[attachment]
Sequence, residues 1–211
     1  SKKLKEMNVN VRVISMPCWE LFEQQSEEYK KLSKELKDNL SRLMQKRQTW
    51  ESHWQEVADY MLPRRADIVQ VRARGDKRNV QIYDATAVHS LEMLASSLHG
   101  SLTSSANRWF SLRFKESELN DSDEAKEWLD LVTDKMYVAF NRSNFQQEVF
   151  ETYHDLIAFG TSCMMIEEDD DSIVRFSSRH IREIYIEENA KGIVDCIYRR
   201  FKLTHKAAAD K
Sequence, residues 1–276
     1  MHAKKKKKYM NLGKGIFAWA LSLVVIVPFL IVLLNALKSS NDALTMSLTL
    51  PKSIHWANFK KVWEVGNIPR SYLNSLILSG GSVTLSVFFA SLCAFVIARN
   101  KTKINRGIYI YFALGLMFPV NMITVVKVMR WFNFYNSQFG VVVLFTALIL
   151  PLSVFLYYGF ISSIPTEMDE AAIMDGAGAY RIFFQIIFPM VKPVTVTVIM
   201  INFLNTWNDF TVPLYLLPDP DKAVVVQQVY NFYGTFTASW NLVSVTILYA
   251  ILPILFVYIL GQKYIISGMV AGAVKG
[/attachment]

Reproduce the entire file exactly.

Sequence, residues 1–211
     1  SKKLKEMNVN VRVISMPCWE LFEQQSEEYK KLSKELKDNL SRLMQKRQTW
    51  ESHWQEVADY MLPRRADIVQ VRARGDKRNV QIYDATAVHS LEMLASSLHG
   101  SLTSSANRWF SLRFKESELN DSDEAKEWLD LVTDKMYVAF NRSNFQQEVF
   151  ETYHDLIAFG TSCMMIEEDD DSIVRFSSRH IREIYIEENA KGIVDCIYRR
   201  FKLTHKAAAD K
Sequence, residues 1–276
     1  MHAKKKKKYM NLGKGIFAWA LSLVVIVPFL IVLLNALKSS NDALTMSLTL
    51  PKSIHWANFK KVWEVGNIPR SYLNSLILSG GSVTLSVFFA SLCAFVIARN
   101  KTKINRGIYI YFALGLMFPV NMITVVKVMR WFNFYNSQFG VVVLFTALIL
   151  PLSVFLYYGF ISSIPTEMDE AAIMDGAGAY RIFFQIIFPM VKPVTVTVIM
   201  INFLNTWNDF TVPLYLLPDP DKAVVVQQVY NFYGTFTASW NLVSVTILYA
   251  ILPILFVYIL GQKYIISGMV AGAVKG